Frank Belzer is the Sales Archaeologist and Author of Sales Shift.
The term “cost of sales” is usually one that we associate with CFO’s and EVP’s of Finance – not one that we typically discuss with sales people or sales leadership. That’s a shame because the concept has merit and of all the people that should be concerned with sales cost, one would think it should be the sales side of any organization.
That is probably a concern in itself and a post for another day - but let's move on.
one thing is sure - the cost of sales is never standing still, it is either going up or going down!
If you are a CEO then you are probably concerned with the growth of the company not being supported by an equal or greater increase in sales volume and profits.
When we speak with CFO's they are concerned with the bottom line number, after sales does its’ thing and we pay them what is left for the company? This is the most typical definition of the cost of sales.
For a VP of HR the cost of sales can be summed up in one word - turnover. Why are so many of your new hires failing and why do so many become short term employees. This can be extremely expensive. Check out our -Hiring Mistake Calculator or review our whitepaper on sales selection.
When I get into a discussion with a VP of Marketing it becomes clear that for them, the cost of sales is clearly connected with the fact that lead conversion is not where it should be. Leads cost money and that cost increases when sales people fail to convert those leads into actual business!
As a Sales Vice President or Sales Manager you want to know what each opportunity is costing you e.g.: Time spent divided by commission made = how much per opportunity? Was it worth it?
I have witnessed compensation plans where the more people sell the more the company loses – not a good result. I have recently heard complaints from CFO’s that sales people share in the upside of selling but never the downside – great observation from someone that is not a sales focused individual!
If you walked out onto a factory floor and saw that only 1 out of 4 people was working you would probably downsize pretty quickly, save money and presto your manufacturing operation just became 300% more profitable. Once again you wouldn’t need to be an expert on manufacturing to have a clear understanding of the problem. But how do you get that same type of feedback on a sales organization?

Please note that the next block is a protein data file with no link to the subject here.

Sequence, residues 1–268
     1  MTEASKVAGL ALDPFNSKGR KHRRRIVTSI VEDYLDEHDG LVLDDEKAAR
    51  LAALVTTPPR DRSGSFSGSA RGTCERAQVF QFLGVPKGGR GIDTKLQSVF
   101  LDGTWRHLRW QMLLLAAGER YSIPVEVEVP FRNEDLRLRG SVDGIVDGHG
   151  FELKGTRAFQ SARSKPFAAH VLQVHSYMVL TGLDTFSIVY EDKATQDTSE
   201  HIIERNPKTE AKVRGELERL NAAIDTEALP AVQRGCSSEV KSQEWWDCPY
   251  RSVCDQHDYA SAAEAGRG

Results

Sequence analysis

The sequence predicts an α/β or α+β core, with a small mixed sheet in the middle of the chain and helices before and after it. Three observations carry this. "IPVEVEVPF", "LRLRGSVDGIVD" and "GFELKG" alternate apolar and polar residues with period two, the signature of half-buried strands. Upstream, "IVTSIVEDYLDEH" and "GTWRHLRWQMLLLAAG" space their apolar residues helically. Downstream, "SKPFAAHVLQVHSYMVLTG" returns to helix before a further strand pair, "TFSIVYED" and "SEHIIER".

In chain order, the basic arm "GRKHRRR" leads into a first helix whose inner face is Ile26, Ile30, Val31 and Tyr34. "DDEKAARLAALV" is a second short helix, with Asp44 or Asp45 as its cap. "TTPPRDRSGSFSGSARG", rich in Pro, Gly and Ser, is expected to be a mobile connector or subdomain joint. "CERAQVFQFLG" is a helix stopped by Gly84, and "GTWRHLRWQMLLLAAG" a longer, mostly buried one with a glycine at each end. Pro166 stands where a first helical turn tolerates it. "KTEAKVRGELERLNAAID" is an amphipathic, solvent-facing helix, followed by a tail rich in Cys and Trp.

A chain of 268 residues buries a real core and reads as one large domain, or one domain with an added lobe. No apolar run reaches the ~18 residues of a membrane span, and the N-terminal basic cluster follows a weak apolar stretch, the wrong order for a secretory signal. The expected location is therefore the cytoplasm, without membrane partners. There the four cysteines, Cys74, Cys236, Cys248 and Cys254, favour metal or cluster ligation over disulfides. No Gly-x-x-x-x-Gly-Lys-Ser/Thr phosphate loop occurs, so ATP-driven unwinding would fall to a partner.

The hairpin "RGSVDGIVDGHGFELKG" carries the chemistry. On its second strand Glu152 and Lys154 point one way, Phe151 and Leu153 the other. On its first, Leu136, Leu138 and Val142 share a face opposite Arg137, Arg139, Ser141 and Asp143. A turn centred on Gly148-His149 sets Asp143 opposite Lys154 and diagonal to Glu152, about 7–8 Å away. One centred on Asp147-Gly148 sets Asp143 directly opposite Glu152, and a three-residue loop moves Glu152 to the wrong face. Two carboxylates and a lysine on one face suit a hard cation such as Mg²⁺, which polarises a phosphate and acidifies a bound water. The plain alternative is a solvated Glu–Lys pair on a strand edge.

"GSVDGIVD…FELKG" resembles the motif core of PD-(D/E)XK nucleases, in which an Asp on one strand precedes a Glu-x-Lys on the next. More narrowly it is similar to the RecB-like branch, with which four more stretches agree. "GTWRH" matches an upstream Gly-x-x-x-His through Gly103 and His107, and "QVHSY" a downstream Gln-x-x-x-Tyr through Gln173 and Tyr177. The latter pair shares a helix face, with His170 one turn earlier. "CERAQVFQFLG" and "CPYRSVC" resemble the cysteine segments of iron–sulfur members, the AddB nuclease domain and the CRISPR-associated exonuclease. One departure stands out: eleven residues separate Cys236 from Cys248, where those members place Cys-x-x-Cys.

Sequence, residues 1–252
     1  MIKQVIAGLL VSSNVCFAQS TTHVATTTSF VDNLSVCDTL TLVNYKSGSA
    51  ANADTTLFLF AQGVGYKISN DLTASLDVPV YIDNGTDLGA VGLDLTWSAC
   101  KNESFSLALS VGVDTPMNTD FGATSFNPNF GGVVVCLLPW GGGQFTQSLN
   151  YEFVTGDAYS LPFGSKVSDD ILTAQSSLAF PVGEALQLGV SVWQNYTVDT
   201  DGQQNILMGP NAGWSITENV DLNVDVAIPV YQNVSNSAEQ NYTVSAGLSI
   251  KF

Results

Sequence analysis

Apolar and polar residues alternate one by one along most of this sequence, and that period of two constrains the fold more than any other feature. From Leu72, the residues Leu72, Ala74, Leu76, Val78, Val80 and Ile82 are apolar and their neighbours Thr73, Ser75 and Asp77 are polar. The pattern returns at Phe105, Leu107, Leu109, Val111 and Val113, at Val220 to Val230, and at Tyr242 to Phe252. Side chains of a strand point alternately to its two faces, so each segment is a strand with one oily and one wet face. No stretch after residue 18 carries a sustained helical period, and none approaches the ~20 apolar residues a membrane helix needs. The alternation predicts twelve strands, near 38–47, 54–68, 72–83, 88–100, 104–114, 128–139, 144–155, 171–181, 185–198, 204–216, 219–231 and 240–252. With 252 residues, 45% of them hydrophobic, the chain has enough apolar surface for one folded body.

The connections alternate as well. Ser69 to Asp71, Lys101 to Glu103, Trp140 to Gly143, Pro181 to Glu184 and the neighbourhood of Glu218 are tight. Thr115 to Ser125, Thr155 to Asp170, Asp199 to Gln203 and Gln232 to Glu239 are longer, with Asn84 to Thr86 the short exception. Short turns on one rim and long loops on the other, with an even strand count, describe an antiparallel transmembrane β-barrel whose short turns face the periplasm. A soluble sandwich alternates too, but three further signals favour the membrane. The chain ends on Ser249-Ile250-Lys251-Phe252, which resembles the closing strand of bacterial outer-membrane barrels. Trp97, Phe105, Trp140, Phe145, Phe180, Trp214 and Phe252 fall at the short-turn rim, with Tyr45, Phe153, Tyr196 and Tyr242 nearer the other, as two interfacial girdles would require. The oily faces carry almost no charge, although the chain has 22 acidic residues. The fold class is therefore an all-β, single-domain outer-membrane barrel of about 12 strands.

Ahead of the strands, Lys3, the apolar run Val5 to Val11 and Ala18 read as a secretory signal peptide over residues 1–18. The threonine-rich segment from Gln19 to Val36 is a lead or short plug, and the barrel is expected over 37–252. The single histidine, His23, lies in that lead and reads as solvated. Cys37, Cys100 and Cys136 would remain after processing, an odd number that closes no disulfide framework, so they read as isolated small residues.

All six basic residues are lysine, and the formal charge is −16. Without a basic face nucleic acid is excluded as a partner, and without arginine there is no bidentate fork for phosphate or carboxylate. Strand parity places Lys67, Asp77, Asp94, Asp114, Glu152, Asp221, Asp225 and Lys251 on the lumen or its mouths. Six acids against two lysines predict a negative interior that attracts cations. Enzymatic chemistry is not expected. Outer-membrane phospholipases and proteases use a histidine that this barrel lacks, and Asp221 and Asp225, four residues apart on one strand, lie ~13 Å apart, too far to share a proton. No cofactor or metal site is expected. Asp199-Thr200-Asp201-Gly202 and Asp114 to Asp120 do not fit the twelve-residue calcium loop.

From the sales organization side usually too many reps that have too many poorly qualified opportunities in the pipeline. This consumes attention and time that could be spent finding new opportunities. This is an example of one cost that doesn’t show up on a spreadsheet and there are many more hidden costs that can be undermining your sales organization.
Interestingly all of these problems and concerns, the CEO, CFO, CMO, VP of HR and those of the VP of Sales, Sales Manager and even the Salesperson can all be improved by doing the same thing – Improve your sales process and improving the sales skills of your people! Most sales people do not practice truly consultative selling. In fact data tells us that only 24% of the sales population could actually carry on a consultative conversation with a prospect. Now look at the number of your sales people that are above quota – is it close to 24%?
The problem with fixing this issue is that it is not easy. Too many of the factors that lead to having a very expensive sales organization are hidden beneath the surface. The only way to get to the real issues involves getting a clear snapshot of the current condition and potential of your sales team.
If you are a sales person and reading this your goal should be performance related. Can you hone your skills, beat down your head trash and become one of those truly consultative sales people? Start by looking at your pipeline and play manager – what shouldn’t be there? Why not use the time you would spend nursing a dead opportunity to either prospect for a new one or develop your sales skills?
As we start 2012 next week one thing is crystal clear for most of the executives and board members I speak with. We need a good Q1 and we can't afford another 2011! If you feel that way in the slightest then we should have a conversation